Clarification: When the sponsoring institution is a non-rotation site the major associated hospital is the participating rotation site. Additionally, for multiple ambulatory medical sites under separate ownership from the sponsoring institution one central or corporate site (and address) must represent the satellite clinics (that are located within 10 miles of the main site).

Subspecialty Program: A structured educational experience following completion of a prerequisite specialty program in GME designed to conform to the Program Requirements of a particular subspecialty.

Dependent Subspecialty Program: A program that is required to function in conjunction with an accredited specialty/core program, usually reviewed conjointly with the specialty program, usually sponsored by the same sponsoring institution, and geographically proximate. The continued accreditation of the subspecialty program is dependent on the specialty program maintaining its accreditation.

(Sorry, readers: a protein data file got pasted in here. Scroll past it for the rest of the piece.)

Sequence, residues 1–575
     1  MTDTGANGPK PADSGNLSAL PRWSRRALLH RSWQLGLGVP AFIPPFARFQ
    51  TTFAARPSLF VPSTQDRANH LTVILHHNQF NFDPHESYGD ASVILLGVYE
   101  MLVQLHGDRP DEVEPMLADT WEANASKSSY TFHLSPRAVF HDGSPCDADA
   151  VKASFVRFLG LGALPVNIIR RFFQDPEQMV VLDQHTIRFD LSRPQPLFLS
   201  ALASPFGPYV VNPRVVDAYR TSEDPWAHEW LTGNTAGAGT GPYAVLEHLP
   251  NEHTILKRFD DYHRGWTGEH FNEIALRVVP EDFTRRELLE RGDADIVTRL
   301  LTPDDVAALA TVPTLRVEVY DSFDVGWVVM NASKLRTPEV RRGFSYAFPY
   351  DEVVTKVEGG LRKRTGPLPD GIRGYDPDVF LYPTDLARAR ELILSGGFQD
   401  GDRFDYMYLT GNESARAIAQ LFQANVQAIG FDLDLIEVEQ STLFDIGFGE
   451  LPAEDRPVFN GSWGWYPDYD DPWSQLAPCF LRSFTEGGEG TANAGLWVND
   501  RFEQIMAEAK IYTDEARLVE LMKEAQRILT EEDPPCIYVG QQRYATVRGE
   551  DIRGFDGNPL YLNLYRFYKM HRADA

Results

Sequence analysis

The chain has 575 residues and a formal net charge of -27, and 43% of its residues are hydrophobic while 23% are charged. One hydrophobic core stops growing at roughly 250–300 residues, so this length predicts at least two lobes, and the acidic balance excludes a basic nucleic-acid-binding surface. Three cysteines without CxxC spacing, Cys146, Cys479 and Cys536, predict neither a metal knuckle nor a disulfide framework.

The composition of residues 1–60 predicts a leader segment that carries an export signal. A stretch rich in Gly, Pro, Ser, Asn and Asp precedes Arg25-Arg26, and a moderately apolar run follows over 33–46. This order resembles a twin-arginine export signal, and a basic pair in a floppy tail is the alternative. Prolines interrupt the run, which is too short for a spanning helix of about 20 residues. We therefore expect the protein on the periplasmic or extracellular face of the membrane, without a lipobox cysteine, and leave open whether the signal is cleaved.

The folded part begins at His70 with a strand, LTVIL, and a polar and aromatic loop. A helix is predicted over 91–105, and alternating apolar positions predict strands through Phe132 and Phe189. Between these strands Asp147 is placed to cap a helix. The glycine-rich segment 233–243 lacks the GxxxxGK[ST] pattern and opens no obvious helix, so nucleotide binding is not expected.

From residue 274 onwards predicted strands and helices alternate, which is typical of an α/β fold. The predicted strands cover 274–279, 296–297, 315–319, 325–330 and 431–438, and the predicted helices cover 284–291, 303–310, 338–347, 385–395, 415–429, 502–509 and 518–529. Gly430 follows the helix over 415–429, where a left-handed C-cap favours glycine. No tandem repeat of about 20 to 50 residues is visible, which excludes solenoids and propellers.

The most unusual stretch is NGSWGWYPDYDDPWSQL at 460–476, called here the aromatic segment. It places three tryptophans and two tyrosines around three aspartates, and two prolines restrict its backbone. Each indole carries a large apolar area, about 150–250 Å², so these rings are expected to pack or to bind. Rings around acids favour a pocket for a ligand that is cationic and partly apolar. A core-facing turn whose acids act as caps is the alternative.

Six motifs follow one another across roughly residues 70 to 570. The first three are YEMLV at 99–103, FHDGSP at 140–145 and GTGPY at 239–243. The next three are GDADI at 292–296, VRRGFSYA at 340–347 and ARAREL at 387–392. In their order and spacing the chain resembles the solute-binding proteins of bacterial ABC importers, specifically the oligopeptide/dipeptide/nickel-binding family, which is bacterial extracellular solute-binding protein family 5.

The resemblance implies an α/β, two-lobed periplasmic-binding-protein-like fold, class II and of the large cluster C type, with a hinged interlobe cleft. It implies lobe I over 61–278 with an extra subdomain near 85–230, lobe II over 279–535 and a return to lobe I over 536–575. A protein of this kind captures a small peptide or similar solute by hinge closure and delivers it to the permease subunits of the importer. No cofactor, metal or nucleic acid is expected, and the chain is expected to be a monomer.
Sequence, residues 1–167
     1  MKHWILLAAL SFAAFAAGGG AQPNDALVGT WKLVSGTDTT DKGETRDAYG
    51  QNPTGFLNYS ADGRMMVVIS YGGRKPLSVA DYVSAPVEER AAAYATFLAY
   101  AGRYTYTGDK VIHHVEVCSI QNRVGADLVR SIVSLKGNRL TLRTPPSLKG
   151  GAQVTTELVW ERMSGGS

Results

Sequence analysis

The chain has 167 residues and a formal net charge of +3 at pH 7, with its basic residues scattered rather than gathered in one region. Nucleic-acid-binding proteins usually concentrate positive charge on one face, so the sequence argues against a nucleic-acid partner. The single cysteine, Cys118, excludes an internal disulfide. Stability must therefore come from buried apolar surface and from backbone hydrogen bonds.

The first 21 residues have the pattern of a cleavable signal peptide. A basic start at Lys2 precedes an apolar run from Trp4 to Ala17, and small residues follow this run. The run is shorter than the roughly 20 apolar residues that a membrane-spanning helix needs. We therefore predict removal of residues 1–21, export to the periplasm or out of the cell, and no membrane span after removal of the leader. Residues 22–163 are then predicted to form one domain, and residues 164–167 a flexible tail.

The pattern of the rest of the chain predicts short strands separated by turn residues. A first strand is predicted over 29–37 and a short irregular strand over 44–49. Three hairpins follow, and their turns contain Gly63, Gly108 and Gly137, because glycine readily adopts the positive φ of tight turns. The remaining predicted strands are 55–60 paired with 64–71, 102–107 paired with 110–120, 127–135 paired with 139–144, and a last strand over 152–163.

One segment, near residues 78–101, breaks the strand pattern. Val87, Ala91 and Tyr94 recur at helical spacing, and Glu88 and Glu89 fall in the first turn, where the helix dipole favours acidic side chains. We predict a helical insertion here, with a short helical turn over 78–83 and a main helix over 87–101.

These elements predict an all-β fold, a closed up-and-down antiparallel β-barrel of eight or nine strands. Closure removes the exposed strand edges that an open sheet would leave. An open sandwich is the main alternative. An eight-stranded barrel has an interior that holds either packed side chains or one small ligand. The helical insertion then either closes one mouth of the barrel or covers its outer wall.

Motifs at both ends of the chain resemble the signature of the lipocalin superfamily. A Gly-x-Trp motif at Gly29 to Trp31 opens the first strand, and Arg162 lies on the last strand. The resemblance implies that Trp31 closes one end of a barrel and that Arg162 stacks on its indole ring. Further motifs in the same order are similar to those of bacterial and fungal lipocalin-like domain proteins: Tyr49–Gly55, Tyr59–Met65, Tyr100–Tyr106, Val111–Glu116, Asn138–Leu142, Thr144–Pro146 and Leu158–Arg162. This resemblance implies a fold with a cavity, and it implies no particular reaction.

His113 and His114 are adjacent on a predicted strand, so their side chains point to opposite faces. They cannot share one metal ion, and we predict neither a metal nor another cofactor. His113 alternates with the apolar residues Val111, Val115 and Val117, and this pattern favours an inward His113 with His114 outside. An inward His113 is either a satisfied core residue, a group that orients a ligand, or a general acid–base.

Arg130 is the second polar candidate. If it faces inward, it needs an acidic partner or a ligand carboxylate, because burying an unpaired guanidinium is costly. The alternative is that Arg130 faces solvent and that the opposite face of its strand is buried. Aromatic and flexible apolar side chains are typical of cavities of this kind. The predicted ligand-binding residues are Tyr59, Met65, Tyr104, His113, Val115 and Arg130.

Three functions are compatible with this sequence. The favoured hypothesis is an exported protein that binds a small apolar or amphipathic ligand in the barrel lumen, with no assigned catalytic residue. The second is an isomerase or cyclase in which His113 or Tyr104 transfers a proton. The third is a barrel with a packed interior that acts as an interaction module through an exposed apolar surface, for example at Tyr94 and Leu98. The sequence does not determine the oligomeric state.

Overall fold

Independent Subspecialty Program: A program that is not directly related to, or dependent upon, the accreditation status of a specialty program.
Suggested: A term along with its companion “strongly suggested,” used to indicate that something is distinctly urged rather than required. An institution or program will not be cited for failing to do something that is suggested or strongly suggested.
Summative Evaluation: Assessment with the primary purpose of establishing whether or not performance measured at a single defined point in time meets established performance standards, permanently recorded in the form of a grade or score.

Transfer resident: Residents are considered as transfer residents under several conditions including: moving from one program to another within the same or different sponsoring institution; when entering a PGY 2 program requiring a preliminary year even if the resident was simultaneously accepted into the preliminary PGY1 program and the PGY2 program as part of the match (e.g., accepted to both programs right out of medical school). Before accepting a transfer resident, the program director of the ‘receiving program’ must obtain written or electronic verification of previous educational experiences and a summative competency-based performance evaluation from the current program director. The term ‘transfer resident’ and the responsibilities of the two program directors noted above do not apply to a resident who has successfully completed a residency and then is accepted into a subsequent residency or fellowship program.